Singapore’s showgirls flop, denting push for ‘vibrant’ image

31 Mar 07

The Crazy Horse nude revue started its 57th consecutive season in Paris this year. In Singapore, it folded after just 15 months.

Eng Wah Organization Ltd, the Singapore partner for Crazy Horse’s first Asian home, blamed government curbs on advertising — including television and radio — for helping limit attendance to less than half the 300 customers anticipated for each show. Authorities also decreed that showgirls wear G-strings and outlawed some dance movements.

“We realized that Singapore isn’t the most promising market for us,” said Philippe Lhomme, the president and part-owner of the show in Paris. “We were probably a bit ahead of the times.”

The flop is a blow to Prime Minister Lee Hsien Loong’s drive to create a “vibrant” buzz, luring tourists and talent to a country with a reputation for being prim. Singapore in 2005 lifted a four-decade ban on casinos as officials sought to reverse a dwindling share of visitor spending in the Asia-Pacific region.

Crazy Horse’s exit highlights the island’s contradictory goals, said Tan Tarn How, a senior researcher on the arts and creativity at Singapore’s Institute of Policy Studies.

“It raises the whole question of how you maintain the clean, above-board image and, at the same time, want to attract another kind of tourist,” Tan said. “They wanted controlled looseness.”

Since 2003, Singapore has repealed a ban on bar-top dancing, extended nightclub opening hours and rolled back a 21-year prohibition on the sale of Cosmopolitan magazine — provided it is sealed in plastic and carries a warning label. Playboy magazine is banned entirely.

Satellite dish ban

Still, government censors clip nudity from television shows and films, and authorities ban home satellite dishes that may beam in channels not carried by state-run broadcasters.

Government policies aren’t wholly to blame for Crazy Horse’s demise, said Chua Hak Bin, an economist who tracks tourism at Citigroup Inc in the city. The big-spending visitors the show expected to attract didn’t materialize.

Singapore is drawing more budget travelers, who wouldn’t pay S$60 (US$39) to S$250 to see Crazy Horse, Chua said.

US and UK visitors accounted for 9 percent of the record 9.7 million arrivals last year, according to the Singapore Tourism Board. Indonesians and Chinese were 33 percent.

“You can’t rely on the local population” of 4.4 million to fill Crazy Horse’s 450 seats for 13 shows a week, Chua said. “Clientele flow didn’t justify the audience size they were looking for.”

Too Big

An institution in Paris, Crazy Horse combines erotic choreography and artful lighting to showcase its female dancers. The performers in Singapore came from Paris, but they had to wear more clothes: Singapore and Las Vegas, the show’s only other international home, didn’t permit nudity.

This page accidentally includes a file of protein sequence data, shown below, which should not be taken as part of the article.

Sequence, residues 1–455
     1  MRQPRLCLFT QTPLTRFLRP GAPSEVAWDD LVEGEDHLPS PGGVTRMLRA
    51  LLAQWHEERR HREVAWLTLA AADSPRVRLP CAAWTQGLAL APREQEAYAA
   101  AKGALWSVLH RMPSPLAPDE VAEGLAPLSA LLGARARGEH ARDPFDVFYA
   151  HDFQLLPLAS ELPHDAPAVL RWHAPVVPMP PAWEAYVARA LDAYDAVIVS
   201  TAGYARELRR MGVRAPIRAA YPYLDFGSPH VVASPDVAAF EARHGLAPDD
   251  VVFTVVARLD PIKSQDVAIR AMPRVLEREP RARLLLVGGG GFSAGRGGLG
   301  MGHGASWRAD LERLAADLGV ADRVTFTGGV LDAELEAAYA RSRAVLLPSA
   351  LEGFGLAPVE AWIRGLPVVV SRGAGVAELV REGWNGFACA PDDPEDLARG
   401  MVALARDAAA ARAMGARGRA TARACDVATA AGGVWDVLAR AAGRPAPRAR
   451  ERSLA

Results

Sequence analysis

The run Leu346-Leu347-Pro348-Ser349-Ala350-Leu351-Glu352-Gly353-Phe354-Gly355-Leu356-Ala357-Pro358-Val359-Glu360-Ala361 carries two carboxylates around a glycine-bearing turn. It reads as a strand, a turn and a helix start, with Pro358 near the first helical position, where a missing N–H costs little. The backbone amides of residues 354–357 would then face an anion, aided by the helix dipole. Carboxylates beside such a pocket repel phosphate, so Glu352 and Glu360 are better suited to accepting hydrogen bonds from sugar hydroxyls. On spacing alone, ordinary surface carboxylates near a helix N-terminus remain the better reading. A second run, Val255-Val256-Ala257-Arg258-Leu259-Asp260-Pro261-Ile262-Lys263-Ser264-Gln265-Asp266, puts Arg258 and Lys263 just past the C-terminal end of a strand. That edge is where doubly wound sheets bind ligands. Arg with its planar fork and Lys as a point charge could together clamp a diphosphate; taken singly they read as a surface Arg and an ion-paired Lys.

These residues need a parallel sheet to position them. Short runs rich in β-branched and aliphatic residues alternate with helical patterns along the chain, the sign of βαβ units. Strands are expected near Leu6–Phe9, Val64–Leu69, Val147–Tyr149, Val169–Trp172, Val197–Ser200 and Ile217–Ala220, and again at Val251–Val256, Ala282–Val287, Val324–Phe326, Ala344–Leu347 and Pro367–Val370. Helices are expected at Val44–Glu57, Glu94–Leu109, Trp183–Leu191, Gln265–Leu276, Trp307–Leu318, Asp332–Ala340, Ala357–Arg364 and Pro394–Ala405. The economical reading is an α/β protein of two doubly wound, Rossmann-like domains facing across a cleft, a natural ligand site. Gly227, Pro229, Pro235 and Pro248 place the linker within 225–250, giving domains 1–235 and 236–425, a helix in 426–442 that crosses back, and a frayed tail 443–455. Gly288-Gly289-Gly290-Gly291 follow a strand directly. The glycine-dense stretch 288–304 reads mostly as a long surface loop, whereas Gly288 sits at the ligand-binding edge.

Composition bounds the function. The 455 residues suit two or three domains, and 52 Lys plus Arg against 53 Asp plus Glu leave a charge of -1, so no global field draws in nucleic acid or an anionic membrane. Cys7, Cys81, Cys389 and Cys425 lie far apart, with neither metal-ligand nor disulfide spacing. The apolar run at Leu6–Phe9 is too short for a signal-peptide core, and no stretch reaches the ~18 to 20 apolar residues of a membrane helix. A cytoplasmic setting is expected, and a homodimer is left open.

Singapore’s venue was too big and the expensive seats rarely sold, said Lhomme in Paris. Crazy Horse in the French capital seats 250 people and charges 90 euros (US$118) to 110 euros.

“A smaller show would probably have survived,” said Andrew Teo, 31, a financial analyst in Singapore, who attended one of the final performances.

Singapore doesn’t have a culture of watching such shows, said Jeffrey Hu, a local real-estate executive, who also was among the final patrons.

“The show is ahead of its time,” said Hu, 36. “Maybe if it had come a few years later when the casinos are here, it would fare better.”

‘Cannot Survive’

Eng Wah could advertise only in newspaper film-listing pages, niche magazines and through brochures in selected areas, Managing Director Goh Min Yen said Jan. 25, when she announced Crazy Horse was folding. Overseas, the company promoted the show through the Singapore Tourism Board, said Eileen Bakri, a spokeswoman for Eng Wah.

“We really cannot survive with the advertising restrictions,” Goh said. The company, which also runs cinemas and distributes films, may write off 80 percent of its $4.6 million investment, she said.

The government in February last year approved more outlets for brochures, said Amy Tsang, deputy director for arts licensing at the Media Authority of Singapore. In August, it lowered the audience age limit to 18 from 21.

Eng Wah was aware of advertising restraints before it opened the revue, Tsang said. Ads “have to be placed selectively and should be acceptable to the general public,” she said.

Prime Minister Lee wants a city “vibrant and cosmopolitan, throbbing with energy,” he said on National Day in 2005.

Not much has changed on censorship, said Tan, the researcher. “Singapore is a much more diverse society than before, but some people haven’t moved on,” he said.

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